The first thing to know: the shooting action in Borderlands doesn't play out like most shooters. For example, your character's level strongly affects how much damage you'll do. The main draws to the game are the procedurally-generated weapons (and when you find one you like, you won't want to let it go) and full co-op, which lets you go through the game with a team of friends. Co-op is the way the game was meant to be played, but I still had fun with it in singleplayer. Just don't expect something like most modern shooters. It's also a relatively easy game. For instance, when you go down, you ahve a chance to kill an enemy and revive. Even if you die then, all you lose is a portion of your cash. The game does feature a "second loop" that's reputed to be harder, but I haven't tried it yet. Also, the AI is very simplistic. However, if you're just looking for some shooting fun and not necessarily a challenge, this game will eat your time. I've spent over 30 hours on it so far, and haven't regretted it once.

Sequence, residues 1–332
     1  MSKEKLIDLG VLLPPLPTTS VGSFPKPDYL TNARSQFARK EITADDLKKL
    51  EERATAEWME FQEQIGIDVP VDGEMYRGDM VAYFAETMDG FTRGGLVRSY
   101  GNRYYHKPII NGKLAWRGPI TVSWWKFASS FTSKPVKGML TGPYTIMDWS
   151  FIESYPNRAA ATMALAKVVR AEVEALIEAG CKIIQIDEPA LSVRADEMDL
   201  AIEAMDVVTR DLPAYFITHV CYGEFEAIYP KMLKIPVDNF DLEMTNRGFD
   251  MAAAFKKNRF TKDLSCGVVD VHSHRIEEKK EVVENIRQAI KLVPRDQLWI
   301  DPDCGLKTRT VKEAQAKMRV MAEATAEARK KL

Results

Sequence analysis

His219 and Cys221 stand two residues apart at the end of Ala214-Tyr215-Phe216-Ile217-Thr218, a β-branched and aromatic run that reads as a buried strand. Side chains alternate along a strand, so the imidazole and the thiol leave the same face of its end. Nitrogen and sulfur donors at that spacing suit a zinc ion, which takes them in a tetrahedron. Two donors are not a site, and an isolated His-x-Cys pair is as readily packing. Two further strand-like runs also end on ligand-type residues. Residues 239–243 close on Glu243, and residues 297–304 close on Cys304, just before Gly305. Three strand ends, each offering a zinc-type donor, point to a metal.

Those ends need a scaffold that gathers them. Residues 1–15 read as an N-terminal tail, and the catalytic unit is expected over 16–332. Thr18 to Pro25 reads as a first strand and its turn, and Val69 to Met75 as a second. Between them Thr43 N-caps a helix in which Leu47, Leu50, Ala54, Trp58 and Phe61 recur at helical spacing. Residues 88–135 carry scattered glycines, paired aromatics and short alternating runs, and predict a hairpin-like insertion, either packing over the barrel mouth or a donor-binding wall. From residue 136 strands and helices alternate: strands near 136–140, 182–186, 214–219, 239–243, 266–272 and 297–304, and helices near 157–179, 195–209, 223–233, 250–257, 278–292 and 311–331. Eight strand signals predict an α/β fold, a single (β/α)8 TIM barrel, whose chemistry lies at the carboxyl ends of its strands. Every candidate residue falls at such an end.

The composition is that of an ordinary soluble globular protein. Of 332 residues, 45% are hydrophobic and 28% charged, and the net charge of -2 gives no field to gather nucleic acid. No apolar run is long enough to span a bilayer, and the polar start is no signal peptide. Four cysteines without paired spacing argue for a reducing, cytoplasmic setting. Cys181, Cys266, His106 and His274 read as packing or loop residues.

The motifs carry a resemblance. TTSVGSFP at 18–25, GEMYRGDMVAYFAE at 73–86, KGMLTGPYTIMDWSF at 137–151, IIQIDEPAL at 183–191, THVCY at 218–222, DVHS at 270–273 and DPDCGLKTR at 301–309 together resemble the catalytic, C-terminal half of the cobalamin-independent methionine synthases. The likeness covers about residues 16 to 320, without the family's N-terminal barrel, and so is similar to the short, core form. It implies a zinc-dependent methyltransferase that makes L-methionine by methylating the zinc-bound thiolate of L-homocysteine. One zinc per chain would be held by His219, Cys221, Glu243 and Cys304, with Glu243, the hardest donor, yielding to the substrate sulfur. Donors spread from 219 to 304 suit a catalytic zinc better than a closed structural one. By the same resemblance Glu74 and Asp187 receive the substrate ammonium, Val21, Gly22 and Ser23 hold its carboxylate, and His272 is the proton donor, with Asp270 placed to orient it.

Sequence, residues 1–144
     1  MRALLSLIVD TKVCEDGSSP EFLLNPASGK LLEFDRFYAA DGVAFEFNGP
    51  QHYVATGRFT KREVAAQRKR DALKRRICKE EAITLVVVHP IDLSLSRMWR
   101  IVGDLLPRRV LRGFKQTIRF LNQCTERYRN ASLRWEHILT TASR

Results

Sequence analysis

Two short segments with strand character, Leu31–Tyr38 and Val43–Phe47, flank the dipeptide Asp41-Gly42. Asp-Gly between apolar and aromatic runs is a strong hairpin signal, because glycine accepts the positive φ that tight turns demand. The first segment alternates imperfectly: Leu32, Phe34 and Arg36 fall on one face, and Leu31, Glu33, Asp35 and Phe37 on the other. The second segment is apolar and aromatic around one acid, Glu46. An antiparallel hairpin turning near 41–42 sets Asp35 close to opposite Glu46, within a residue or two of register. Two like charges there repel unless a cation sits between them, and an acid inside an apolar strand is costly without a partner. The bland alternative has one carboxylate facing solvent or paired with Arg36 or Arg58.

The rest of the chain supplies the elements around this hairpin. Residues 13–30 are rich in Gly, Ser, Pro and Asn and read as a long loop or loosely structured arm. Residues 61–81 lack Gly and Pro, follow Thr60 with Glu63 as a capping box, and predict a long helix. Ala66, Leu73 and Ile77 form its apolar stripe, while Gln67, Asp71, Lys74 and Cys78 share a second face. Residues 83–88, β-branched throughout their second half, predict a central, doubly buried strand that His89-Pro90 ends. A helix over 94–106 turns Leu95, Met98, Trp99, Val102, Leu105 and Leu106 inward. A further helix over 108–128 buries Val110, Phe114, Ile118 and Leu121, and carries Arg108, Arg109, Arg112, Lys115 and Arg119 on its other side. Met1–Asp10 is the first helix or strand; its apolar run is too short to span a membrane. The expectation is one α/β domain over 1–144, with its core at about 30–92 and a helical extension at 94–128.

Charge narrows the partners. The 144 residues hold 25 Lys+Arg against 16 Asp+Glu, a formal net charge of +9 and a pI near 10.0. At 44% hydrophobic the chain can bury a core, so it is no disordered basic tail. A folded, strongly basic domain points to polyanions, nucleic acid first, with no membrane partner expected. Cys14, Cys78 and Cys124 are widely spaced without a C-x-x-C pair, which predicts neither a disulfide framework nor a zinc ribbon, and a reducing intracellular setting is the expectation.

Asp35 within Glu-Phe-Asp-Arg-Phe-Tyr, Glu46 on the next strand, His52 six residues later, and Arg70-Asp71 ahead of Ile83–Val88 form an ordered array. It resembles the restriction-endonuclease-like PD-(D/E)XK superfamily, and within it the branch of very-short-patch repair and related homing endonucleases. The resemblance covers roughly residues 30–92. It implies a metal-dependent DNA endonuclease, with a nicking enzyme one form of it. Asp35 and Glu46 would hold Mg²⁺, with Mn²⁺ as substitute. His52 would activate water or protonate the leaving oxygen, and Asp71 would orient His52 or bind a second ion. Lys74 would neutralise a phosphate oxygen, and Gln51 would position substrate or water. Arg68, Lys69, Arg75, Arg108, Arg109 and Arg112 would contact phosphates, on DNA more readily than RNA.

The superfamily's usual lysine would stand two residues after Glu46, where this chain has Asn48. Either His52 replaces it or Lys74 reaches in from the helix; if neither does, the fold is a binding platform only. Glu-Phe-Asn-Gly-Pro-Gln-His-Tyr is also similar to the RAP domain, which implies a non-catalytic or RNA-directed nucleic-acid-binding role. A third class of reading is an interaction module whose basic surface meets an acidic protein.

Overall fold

The perfect fusion of old and newAvistTorch | Aug. 13, 2011 | Review of Painkiller Black Edition - PC
In an era where most first-person shooters center on running down a scripted corridor and shooting small, exposed body parts, one grows to hunger for shooters that hearken back to the old days, while retaining that modern flair. If so, Painkiller:Black Edition is exactly what you're looking for. The story is throwaway; the game throws you right into the action with 5 different weapons that each have 2 different firing modes, so it's more like 10 different weapons. The expansion, included in this bundle, delivers 2 more dual-mode weapons. Each is a twist on old classics, such as a rocket launcher/chaingun. Gameplay has been simplified to the basics: enter a room, doors close and enemies spawn, kill them all. Instead of throwing lots of health packs at you, dead enemies briefly leave a soul that restores a bit of health. Getting 66 souls allows you to transform for a while into a mode where you're invincible and can tear apart most enemies with a single blast. Completing optional goals, such as collecting a certain amount of souls in a level, unlocks "tarot cards" that give you a temporary (or level-long) boost, such as an increased maximum health or damage. This also factors into the wide difficulty range: on easier difficulty levels, your health is restored at checkpoints, while harder difficulties leave you to scrape through the game without that boost. In short, shooter fans from all eras and of all skill levels will find something to enjoy here.